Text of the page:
Inflation Economic Data Released in February 2021

February Data shows that Inflation is increasing. During an Economic Recovery, higher Inflation is expected and even desired. So why all the worry about Inflation? GDP Data shows the Economy is on a substantial growth track, and the last $900B Stimulus Package is just beginning to work its way through. Many Economists are worried another $1.9T Stimulus Package will overheat the Economy and result in uncontrolled (or difficult to control) Inflation. Other Economists think more Fiscal Stimulus is needed, and without it, the recovery could stall. They would rather err on the side of caution and risk higher Inflation than risk the Recovery stalling. It’s a delicate balancing act and the subject of much debate. One thing everyone agrees on – Inflation is back.

  • CPI rose 0.3%, now up 1.4% in the last 12 months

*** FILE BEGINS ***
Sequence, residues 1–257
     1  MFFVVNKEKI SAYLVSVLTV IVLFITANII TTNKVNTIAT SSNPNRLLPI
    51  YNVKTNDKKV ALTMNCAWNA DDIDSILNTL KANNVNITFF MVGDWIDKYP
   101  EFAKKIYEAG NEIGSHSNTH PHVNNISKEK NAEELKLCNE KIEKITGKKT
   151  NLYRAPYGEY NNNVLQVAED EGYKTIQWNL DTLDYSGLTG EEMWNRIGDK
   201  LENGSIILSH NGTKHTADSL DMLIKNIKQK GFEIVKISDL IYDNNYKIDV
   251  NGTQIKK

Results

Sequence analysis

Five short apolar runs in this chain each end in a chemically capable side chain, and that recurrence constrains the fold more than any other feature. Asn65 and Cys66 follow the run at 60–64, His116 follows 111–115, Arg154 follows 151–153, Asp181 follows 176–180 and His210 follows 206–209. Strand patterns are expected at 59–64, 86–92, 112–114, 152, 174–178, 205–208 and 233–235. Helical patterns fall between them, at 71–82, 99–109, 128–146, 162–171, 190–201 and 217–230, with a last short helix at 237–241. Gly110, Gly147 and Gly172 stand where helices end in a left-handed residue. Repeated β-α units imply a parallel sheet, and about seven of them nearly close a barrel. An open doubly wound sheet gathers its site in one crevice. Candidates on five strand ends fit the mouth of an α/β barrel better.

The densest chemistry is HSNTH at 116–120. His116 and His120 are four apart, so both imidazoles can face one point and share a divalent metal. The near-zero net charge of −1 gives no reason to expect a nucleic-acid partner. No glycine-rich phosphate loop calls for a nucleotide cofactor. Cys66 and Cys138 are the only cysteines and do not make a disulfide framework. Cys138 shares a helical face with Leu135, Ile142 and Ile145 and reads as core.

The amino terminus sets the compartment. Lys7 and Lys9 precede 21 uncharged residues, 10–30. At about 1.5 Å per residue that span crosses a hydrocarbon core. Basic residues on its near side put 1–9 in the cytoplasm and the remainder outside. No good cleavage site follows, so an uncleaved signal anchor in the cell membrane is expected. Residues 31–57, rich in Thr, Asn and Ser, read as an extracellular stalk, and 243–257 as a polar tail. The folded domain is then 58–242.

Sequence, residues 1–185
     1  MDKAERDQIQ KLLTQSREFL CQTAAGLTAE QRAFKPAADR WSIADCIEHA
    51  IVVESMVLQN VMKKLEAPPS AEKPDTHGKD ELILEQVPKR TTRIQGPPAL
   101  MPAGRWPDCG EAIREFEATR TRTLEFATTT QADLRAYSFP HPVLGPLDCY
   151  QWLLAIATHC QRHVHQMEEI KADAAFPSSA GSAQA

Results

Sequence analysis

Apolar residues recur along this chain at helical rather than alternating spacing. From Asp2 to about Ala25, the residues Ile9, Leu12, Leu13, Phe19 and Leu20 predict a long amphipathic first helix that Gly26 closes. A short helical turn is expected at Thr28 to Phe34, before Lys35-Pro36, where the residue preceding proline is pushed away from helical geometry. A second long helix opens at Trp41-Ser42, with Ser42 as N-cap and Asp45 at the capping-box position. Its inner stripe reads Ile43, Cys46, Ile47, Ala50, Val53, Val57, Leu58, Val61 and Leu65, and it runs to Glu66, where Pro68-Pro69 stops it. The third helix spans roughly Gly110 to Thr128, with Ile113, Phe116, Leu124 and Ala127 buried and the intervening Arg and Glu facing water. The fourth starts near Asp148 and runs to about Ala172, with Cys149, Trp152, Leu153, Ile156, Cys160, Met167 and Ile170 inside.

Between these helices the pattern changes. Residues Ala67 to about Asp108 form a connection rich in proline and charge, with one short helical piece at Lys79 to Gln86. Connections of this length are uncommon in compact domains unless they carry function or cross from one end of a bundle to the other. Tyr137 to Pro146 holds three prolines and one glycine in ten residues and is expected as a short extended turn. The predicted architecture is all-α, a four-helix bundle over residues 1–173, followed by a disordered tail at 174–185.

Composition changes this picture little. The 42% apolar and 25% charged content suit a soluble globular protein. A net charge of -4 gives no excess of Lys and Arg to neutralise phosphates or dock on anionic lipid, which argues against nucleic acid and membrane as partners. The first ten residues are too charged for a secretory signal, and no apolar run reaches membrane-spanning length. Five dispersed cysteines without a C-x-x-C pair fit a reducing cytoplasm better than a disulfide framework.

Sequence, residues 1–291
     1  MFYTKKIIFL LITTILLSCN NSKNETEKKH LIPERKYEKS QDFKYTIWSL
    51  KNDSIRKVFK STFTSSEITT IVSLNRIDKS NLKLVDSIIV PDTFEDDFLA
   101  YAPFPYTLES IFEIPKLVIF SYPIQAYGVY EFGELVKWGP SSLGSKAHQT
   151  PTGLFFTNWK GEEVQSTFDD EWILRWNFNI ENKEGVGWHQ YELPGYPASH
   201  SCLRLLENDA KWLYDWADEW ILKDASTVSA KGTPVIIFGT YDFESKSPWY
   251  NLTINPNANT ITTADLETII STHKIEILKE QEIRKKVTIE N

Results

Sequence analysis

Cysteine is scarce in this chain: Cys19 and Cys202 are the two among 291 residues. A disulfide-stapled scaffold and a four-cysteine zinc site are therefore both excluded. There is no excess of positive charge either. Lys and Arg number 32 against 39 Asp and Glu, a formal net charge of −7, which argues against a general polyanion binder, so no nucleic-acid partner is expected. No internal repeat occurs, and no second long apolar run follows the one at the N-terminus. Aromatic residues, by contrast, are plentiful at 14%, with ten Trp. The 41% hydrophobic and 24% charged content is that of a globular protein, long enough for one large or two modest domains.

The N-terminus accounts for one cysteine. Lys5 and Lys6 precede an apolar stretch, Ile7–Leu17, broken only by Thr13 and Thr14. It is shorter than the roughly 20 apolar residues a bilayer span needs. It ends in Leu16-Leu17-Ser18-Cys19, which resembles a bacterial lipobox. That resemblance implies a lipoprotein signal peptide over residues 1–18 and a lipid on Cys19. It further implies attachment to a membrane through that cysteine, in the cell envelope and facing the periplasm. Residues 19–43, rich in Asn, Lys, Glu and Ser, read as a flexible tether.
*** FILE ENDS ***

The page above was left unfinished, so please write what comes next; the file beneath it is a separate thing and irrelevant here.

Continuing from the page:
• Core CPI (ex-food & energy) unchanged, up 1.4% in the last 12 months
  • PPI rose 1.3%, up 1.7% in the last 12 months
  • Core PPI (ex-food & energy) rose 1.2%, up 2.0% in the last 12 months


GDP Economic Data Released in February 2021

The 2nd estimate of 4th Quarter 2020 US GDP showed the Economy grew at a 4.1% annualized rate.  This estimate is about the same as last month’s estimate of 4.0% and in line with expectations. How much do Economists expect the Economy to grow in 2021? Early estimates are between 4.0% – 9.0%, with the consensus being in the 5.0% – 6.0% range. Keep in mind that 5.0% GDP growth is a booming Economy. One thing for sure is the Economy is gaining momentum. Let’s hope it continues.


Consumer Economic Data Released in February 2021

February gave us some encouraging Consumer Data. Retail Sales jumped 5.3%, which was a pleasant surprise and well above expectations. This data is especially welcome after the string of disappointing Retail Sales numbers from the Holiday Season. Consumer Confidence was up, but Sentiment was down. Don’t forget that the Consumer has stockpiled a mountain of cash in savings accounts. That money is just waiting to be spent. Warmer weather should encourage Consumers to loosen their purse strings.

  • Retail Sales rose 5.3%, now up 7.4% in the last 12 months